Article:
Tim Belford: Short Takes On Life
Tim Belford
Tim Belford
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Tim Belford is host of Quebec A.M. -- CBC Radio's popular English- language morning show (91.7 FM, 6-9, Mon.-Fri). He also is said to know a thing or three about wine.

Posted 01.08.04
Quebec City


Squirrels, they are the nuts

I've always been fascinated by squirrels. They're the Flying Wallendas of the animal kingdom.

They can climb building walls, scamper along the thinnest of wires, and leap from branch to branch with an agility not found outside the Cirque de Soleil.

They can also loot any bird feeder known to mankind.

I haven't had a lot of personal experience myself. It's been a while since i've had a yard to put a feeder in.

But I have had a ring-side seat at several battles between man and beast.

A friend, let's call him Robert for lack of a better name, has had a life-long passion for birds.

As I reckon it, he would put out somewhere between six and eight tons of seed and suet in an average winter.

He was rewarded with a veritable who's who of birdlife.

There were chickadees, cardinals, bluejays, juncos, and waxwings.

The feeder attracted grosbeaks, grackels, and wrens.

And, along with the aforementioned, he also provided lunch for about six squirrels.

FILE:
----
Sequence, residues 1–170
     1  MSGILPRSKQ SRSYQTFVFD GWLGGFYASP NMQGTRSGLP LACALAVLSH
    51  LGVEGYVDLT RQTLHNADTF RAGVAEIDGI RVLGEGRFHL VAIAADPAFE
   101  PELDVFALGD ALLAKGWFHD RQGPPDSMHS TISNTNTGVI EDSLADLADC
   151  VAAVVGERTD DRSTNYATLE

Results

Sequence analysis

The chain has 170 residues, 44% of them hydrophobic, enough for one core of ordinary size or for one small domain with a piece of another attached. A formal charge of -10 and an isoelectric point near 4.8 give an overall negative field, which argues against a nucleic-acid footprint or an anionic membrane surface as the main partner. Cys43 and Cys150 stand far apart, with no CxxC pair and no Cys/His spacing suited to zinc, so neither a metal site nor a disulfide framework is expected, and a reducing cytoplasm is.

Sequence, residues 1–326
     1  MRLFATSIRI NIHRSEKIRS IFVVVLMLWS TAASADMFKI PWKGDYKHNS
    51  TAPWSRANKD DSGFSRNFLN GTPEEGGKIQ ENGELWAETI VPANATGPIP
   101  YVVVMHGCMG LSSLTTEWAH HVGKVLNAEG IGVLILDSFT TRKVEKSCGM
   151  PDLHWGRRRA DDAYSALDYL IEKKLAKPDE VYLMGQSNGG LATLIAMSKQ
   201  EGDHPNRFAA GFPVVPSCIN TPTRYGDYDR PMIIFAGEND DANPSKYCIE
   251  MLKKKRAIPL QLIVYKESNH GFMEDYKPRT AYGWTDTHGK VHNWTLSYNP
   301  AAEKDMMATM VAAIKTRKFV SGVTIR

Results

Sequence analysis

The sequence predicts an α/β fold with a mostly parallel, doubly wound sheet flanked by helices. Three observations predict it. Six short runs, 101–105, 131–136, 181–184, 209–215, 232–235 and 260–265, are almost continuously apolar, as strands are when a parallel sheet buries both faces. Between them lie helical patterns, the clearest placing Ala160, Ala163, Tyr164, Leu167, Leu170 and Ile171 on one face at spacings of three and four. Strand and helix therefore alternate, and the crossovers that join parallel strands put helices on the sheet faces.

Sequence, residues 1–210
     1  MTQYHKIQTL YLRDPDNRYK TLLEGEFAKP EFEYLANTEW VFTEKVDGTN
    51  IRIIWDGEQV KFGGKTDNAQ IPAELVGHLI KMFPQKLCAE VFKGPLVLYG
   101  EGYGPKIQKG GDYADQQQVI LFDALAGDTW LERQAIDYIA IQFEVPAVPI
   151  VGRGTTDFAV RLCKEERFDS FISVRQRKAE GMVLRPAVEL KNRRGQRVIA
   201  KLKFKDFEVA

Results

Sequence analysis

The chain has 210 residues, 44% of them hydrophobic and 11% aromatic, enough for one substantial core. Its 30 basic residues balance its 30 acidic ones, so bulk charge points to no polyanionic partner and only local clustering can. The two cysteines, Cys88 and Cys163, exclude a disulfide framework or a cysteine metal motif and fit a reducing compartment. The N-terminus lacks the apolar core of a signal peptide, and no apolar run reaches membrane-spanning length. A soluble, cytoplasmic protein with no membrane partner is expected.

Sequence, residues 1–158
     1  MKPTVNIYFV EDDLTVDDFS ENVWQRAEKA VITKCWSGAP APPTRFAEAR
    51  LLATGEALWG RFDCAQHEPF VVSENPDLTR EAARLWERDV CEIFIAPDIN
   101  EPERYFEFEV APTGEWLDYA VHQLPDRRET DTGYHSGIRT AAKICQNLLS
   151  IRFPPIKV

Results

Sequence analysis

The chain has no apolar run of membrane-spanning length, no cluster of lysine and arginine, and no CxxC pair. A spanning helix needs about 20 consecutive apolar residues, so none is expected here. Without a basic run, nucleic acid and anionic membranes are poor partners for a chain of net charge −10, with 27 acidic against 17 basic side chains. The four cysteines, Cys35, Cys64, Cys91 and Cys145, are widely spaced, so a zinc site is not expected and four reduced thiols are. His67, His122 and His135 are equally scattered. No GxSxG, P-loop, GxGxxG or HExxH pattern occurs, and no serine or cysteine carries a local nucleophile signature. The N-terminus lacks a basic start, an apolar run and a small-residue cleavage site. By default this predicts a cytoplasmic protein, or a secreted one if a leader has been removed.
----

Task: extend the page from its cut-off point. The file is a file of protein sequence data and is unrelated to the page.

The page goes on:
Robert has nothing against squirrels but he's a bird man. first and foremost. And to see those fluffy-tailed rats monopolizing the feeder to the detriment of his avian friends didn't sit well.

So, after considerable research, he made the mistake all birders do. He purchased a squirrel-proof feeder.

It was mounted on a metal pole with the feeder at the top and a collar-like device resembling a satellite dish just below the feeder.

The squirrels could not climb the pole and get around the shield.

Instead, they scampered along his clothesline and when directly above the feeder dropped themselves onto it like the Eighty-first Airborne on D-day.

He moved the feeder.

The squirrels proceeded to climb a nearby tree. They would then run to the very end of a branch no wider than a piece of butcher's twine.

The branch would bend and sway and the squirrels would launch themselves like Romanian gymnasts off a spring board to make a perfect ten-point landing on the feeder.

Robert proceeded with Plan 'B'. He purchased a couple of humane squirrel traps.

Oh, they worked all right.

Each morning he would go outside to find a couple of his furry friends staring dolefully at him through their prison bars.

He'd pop them into his car and drive them a couple of miles across the nearby river and release them into their new forested home.

The trouble was, one, they made friends; two, word got out about the free lunch across the river; and three, it didn't take any of them long to find the bridge.

So, before too long, the casual observer could only conclude there were more squirrels than ever before.

Suffice it to say, he never did win the battle and eventually settled on a Korean-like solution treating the feeder area more or less like a demilitarized zone where one and all could share the proffered bounty.